Quantitative analyses show that police stop and frisks are highly concentrated by neighborhood. Interview and ethnographic studies show that police routinely share information about neighborhood attributes including crime rates and demographic characteristics such as racial and ethnic composition and economic conditions. Investigations suggest that police also share information about complaints against them. Our analysis bridges these three literatures and examines whether a neighborhood's historical and contemporary complaints about police mistreatment are a significant source of police stops. Our research focuses on complaints and stops in Chicago. We find that stops are more frequent in neighborhoods where historical and contemporary complaints are high, as well as in communities with high concentrations of economically disadvantaged, Hispanic, and especially Black residents. We find that these associations hold net of potential sources of spuriousness, including prior police stops and crime. Police perceptions of the race of the person stopped contextualize the relationships between stops and complaints: they are exacerbated for people the police identified as Black. Our findings suggest that complaints and the narratives they engender may be enduring systemic sources of bias in police behavior.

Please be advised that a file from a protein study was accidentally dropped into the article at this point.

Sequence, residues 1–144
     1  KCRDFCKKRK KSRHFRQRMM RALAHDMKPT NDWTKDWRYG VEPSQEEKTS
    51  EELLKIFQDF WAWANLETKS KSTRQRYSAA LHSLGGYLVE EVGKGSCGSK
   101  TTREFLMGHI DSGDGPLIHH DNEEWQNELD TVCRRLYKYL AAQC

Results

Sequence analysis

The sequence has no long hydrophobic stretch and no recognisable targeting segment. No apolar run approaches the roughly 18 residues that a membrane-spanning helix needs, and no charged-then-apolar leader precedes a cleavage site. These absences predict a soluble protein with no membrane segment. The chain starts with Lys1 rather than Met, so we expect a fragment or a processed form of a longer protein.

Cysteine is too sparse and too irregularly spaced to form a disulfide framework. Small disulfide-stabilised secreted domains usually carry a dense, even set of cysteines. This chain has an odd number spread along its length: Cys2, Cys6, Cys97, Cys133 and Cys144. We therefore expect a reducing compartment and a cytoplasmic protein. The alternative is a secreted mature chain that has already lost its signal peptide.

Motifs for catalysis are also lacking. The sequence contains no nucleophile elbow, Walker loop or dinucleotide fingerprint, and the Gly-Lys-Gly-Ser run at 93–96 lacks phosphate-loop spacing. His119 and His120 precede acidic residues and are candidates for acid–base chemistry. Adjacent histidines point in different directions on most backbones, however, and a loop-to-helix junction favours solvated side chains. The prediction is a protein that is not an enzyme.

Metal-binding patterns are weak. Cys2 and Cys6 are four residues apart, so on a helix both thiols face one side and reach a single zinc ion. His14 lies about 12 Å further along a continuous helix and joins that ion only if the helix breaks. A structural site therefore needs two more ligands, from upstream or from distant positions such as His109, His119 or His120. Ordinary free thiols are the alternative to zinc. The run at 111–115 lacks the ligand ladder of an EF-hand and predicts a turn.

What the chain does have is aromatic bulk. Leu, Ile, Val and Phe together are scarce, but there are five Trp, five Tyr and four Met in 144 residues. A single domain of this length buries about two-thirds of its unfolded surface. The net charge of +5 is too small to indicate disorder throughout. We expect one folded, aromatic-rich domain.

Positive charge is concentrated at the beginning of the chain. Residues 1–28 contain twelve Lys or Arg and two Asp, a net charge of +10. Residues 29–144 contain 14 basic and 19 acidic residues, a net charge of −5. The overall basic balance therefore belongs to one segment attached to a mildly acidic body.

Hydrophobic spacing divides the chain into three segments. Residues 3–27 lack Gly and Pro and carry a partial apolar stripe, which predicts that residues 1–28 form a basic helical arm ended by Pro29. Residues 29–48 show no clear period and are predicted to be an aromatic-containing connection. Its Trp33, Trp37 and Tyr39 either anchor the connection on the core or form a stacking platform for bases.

- police complaints
- police stops
- race and policing
ASJC Scopus subject areas
- Sociology and Political Science